Among the lasting life lessons that’s stuck with Fil Agusti for five decades and counting was one that went something like this:
There’s no downside to hearing from all sides.
It’s something he picked up in the early ’70s, between stops at Danville Schlarman and Harvard Law School, while studying under political science Professor Bob Byars as a UI undergrad.
“I don’t and didn’t agree with 100 percent of what Bob Byars believed,” Agusti says from Washington, D.C., where he’s a law partner at Steptoe & Johnson LLP. “But he demonstrated an openness to different views that I have never forgotten.
“He also was interested in how political systems actually worked in practice, not the self-images that they tried to sell. This insistence on knowing the facts and passing on the fantasy is an analytical approach I use every day as a lawyer.
“After I left, Bob had a controversial tenure battle and left the school. But he later founded a scholarship at Illinois for first-generation students. That is a class act.”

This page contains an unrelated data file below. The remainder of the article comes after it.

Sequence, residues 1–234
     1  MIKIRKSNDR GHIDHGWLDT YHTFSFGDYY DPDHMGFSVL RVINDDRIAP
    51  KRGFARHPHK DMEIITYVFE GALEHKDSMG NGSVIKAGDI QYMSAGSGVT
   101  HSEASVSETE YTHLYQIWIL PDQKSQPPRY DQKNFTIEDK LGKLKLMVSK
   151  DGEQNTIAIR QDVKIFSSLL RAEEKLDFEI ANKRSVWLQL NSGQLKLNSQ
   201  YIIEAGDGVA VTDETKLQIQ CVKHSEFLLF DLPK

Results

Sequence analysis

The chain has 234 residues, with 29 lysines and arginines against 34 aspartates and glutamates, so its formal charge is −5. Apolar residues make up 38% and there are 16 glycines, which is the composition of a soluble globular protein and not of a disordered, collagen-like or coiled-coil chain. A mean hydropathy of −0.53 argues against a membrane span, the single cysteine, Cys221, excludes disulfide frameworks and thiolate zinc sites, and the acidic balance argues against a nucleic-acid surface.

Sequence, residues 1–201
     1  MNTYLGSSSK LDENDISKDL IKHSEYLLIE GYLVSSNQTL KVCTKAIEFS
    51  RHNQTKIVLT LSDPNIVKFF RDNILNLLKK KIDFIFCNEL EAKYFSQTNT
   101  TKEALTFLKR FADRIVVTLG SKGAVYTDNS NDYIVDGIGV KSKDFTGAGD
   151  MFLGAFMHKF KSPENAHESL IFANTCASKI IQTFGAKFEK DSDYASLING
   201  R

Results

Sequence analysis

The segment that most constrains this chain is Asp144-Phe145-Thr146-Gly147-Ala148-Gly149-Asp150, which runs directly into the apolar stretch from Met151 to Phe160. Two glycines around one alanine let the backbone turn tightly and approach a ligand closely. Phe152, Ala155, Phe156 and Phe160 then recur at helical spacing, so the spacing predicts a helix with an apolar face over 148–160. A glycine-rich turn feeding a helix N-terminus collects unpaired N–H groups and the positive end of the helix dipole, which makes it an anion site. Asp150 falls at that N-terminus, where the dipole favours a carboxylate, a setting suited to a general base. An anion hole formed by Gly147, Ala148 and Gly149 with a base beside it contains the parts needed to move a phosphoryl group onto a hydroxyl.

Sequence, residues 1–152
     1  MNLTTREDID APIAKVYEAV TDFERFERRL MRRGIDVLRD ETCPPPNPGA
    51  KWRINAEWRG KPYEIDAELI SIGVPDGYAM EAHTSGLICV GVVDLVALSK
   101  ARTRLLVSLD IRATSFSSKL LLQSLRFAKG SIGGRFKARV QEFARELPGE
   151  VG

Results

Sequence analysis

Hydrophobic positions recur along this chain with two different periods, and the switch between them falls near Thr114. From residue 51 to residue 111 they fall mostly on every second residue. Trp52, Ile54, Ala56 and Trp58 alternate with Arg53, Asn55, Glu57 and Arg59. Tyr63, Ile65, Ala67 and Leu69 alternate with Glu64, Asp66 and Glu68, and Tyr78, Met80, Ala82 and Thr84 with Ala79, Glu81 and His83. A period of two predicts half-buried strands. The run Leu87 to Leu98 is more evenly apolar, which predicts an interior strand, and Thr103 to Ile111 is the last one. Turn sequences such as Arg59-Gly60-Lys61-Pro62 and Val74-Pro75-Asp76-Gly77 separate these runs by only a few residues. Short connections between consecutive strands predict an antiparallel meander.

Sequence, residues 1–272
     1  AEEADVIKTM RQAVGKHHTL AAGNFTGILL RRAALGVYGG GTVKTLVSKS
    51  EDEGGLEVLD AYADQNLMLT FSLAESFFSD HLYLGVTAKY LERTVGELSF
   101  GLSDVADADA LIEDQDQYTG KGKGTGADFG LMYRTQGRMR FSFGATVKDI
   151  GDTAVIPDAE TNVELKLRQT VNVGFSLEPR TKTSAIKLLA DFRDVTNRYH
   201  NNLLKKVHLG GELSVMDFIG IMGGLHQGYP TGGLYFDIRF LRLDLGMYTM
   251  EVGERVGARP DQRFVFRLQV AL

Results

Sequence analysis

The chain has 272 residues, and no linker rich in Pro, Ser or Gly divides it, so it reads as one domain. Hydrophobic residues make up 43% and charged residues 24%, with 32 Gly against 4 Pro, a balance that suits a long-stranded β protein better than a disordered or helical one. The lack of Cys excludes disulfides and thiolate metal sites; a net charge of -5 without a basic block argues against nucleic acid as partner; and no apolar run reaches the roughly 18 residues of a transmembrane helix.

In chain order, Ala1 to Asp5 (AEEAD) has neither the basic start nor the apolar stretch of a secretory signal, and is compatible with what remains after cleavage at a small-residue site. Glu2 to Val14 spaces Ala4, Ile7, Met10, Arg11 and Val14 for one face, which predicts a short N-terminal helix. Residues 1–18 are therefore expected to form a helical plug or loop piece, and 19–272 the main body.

When Agusti wasn’t in a UI classroom, the Bronze Tablet-winning scholar could often be found studying in a library carrel — with a set of headphones covering his ears.
“In the 1971-74 time frame, the system had only the capacity to play about 10 albums,” Agusti says. “While studying, I listened to the same albums endlessly.
“To this day, I know every lyric of every song in Rod Stewart’s ‘Every Picture Tells a Story’ and Cat Stevens’ ‘Tea for the Tillerman.’”